But does the data support these conjectures?  To address this, I took the daily mean temperature in Fairbanks winters from 1980-2021 and calculated the daily standardized departure from normal, i.e. the difference from the 1981-2010 normal (for convenience) in terms of standard deviations.  I then sorted the more than 6000 daily values into 10 equally populated categories, and finally for each category I calculated the standard deviation of temperature within +/-15 days of each individual day.  Here's the result:

This shows that, for example, the standard deviation is over 15°F within +/- 15 days of the coldest 10% of Fairbanks days in November-March.  This is the highest variance of any of the categories and supports the hypothesis that the highest volatility occurs when it's much colder than normal.  However, the variance is also enhanced when it's very warm - but not quite as much as when it's cold.

Thinking a bit more about this, the result above is partly a reflection of the slight negative skew in winter daily temperatures in Fairbanks.  Here's a histogram of the daily standardized temperature anomalies: the median is slightly above zero, because I used an outdated 1981-2010 normal, and the distribution has a slightly longer tail on the cold side.

In a situation with negative skew, it's clear that negative departures tend to be larger in magnitude than positive departures, and that's the same thing as saying that the variance is higher on the cold side.

However, there's a bit more to this than just skew: I also calculated the frequency with which the temperature reverses to the other side of normal in the next 15 days, for both the coldest and warmest categories of daily temperature.  When temperatures are in the lowest 10%, there's a 9.0% chance of an above-normal temperature occurring within the next 15 days, but when temperatures reach the highest 10%, the frequency of below-normal within 15 days is a bit less, at 8.5%.  So this too reflects the fact that cold gives way to warm slightly more often than warm gives way to cold.

Interestingly this "sign reversal" statistic is very similar for summer in Fairbanks: 9.5% versus 9.0% (cold to warm versus warm to cold, respectively).  However, the skewness is almost zero in summer, and there's no difference in variance between the coldest and warmest decile categories.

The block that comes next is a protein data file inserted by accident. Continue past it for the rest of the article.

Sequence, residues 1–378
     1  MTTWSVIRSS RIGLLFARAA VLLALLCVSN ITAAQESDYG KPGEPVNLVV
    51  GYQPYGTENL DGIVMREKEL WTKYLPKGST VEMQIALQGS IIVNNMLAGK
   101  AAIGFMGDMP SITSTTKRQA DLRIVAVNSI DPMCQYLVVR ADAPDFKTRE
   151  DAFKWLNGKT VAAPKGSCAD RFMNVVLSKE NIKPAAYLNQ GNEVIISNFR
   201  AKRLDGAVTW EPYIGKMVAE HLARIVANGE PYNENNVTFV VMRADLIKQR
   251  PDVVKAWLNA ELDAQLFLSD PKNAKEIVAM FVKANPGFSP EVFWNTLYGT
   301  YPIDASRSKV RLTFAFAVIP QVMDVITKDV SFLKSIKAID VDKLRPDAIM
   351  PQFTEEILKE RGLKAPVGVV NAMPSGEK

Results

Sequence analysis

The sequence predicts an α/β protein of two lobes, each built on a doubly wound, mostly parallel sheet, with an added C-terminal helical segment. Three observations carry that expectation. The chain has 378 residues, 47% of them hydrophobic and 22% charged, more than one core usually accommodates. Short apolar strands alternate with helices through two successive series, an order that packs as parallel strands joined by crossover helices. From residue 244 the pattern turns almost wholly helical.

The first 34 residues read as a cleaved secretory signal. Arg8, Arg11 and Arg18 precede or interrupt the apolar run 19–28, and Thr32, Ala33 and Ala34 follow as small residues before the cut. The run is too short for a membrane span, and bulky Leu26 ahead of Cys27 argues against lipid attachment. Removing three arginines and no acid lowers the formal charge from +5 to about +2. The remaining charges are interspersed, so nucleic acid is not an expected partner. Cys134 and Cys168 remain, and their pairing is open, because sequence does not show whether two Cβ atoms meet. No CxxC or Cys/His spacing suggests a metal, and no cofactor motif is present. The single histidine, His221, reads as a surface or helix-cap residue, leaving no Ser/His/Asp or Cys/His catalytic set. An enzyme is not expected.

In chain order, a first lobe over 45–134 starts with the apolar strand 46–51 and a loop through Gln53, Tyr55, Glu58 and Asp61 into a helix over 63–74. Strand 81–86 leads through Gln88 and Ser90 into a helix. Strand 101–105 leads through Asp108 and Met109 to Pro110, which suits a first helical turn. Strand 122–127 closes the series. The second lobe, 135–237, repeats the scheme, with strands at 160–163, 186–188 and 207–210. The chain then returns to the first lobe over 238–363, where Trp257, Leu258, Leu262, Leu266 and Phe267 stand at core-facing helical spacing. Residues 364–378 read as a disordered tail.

How about other locations in Alaska?  Winter temperatures have a more significant negative skew in Anchorage, where cold interior air sometimes makes an appearance, and so variance is easily the largest when it's cold.

It's the same story at Juneau, which has a very pronounced negative skew in winter daily temperatures:

Like Fairbanks, both of these sites also have a higher frequency of reversing from the lowest decile to above-normal than from the highest decile to below-normal.  This is interesting, because the lowest decile is farther from "normal" than the upper decile, so a bigger change is required to make that reversal when it's cold.

However, the skewness is reversed for Anchorage and Juneau in summer, because the maritime influence then suppresses variance on the cool side.  Consequently, temperature variance is highest at the upper end of the distribution in summer.

While I'm at it, here are results from Utqiaġvik and Nome.  The former sees considerable positive skewness in both summer and winter, with the greatest variance on the warm side, although the extreme warming trend might make a difference to this analysis.  Nome is more aligned with the rest of the state, with negative skew in winter and positive in summer.

Here's the "sign reversal" statistic for all 5 sites.  Again, this shows the percentage of time that an opposite-sign anomaly occurs within 15 days of the lowest and highest deciles respectively.

WinterCold to WarmWarm to Cold

SummerCold to WarmWarm to Cold

One more comment before I close.  It seems physically reasonable that cold tends to be associated with greater variability, because cold in Alaska is usually associated with a blocking ridge over the Bering Sea or Arctic Ocean - and these patterns can bring huge variations in temperature with relatively small shifts in the position of the ridge.  On the other hand, warmth in Alaska - especially in winter - is associated with a strong Aleutian trough and a ridge over western Canada, and this tends to be a more stable pattern bringing indiscriminate and persistent warmth over most of Alaska.

In other words, because typical cold and warm patterns in Alaska are not at all opposite to each other, they behave differently.  As a very broad and overstated generalization: when cold comes, it's relatively fierce but tends to be short-lived, whereas warm tends to be a bit less amplified but more persistent.